Neuraminidase inhibitors for influenza: A review and public health perspective in the aftermath of the 2009 pandemic

Charles Beck, Rachel Sokal*, Nachiappan Arunachalam, Richard Puleston, Anna Cichowska, Anthony Kessel, Maria Zambon, Jonathan S. Nguyen-Van-Tam

*Corresponding author for this work

    Research output: Contribution to journalArticlepeer-review

    12 Citations (Scopus)


    Please cite this paper as: Beck et al. on behalf of the UK Antiviral Effectiveness Review Group. (2012) Neuraminidase inhibitors for influenza: a review and public health perspective in the aftermath of the 2009 pandemic. Influenza and Other Respiratory Viruses 7(Suppl. 1), 14-24. Objectives The objectives of this study were to: (1) reflect on key stages in the discovery, development and pre-pandemic use of neuraminidase inhibitors (NAIs), (2) summarise the evidence of NAI effectiveness for treatment and prophylaxis of seasonal influenza prior to the 2009 pandemic, and (3) summarise the evidence base generated during the 2009 pandemic period. Design A rapid systematic review of evidence published to June 2010 was conducted where existing high-quality systematic reviews formed a baseline and were supplemented with data from other reviews, randomised controlled trials (RCTs) and observational studies. Main Outcome Measures Severity and duration of symptoms; rates of severe illness, complications and death following treatment for influenza or influenza-like illness; rates of influenza and influenza-like illness following long-term prophylaxis or post-exposure prophylaxis of household contacts. Results Prior to the 2009 pandemic, evidence from RCTs conducted in seasonal influenza epidemics indicated that NAIs used to treat laboratory-confirmed influenza in healthy adults reduced the duration of illness by one day. NAIs provide high levels of protective efficacy in adults when given long-term or in household-based post-exposure prophylaxis for seasonal influenza. Several 2009 pandemic period observational studies suggest that early treatment may reduce rates of hospitalisation and in-hospital mortality, but data from that period do not substantially increase the evidence base on prophylaxis, although they confirm effectiveness. Conclusions NAIs should be deployed during a future pandemic for either post-exposure prophylaxis or treatment depending on national policy considerations and logistics. The existing evidence base on effectiveness against severe outcomes requires supplementation.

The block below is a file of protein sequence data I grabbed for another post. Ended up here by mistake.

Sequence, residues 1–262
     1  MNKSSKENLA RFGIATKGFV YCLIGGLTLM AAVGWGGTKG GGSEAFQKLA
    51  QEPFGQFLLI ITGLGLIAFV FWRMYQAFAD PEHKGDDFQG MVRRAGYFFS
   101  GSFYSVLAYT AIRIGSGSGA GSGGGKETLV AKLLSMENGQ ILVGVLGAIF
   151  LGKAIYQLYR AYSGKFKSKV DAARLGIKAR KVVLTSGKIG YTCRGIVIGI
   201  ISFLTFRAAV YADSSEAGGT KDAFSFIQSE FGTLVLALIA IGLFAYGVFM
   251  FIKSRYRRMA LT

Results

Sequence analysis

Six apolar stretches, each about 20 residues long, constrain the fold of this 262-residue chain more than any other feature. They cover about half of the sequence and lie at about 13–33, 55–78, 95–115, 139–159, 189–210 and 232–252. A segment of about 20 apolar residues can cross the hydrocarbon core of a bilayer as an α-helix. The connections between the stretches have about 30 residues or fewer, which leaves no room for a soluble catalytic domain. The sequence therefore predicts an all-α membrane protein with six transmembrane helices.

Original languageEnglish
    Pages (from-to)14-24
    Number of pages11
    JournalInfluenza and other Respiratory Viruses
    Issue number1 SUPPL.1
    Publication statusPublished - Jan 2013


    • Clinical effectiveness
    • Neuraminidase inhibitors
    • Pandemic influenza
    • Seasonal influenza


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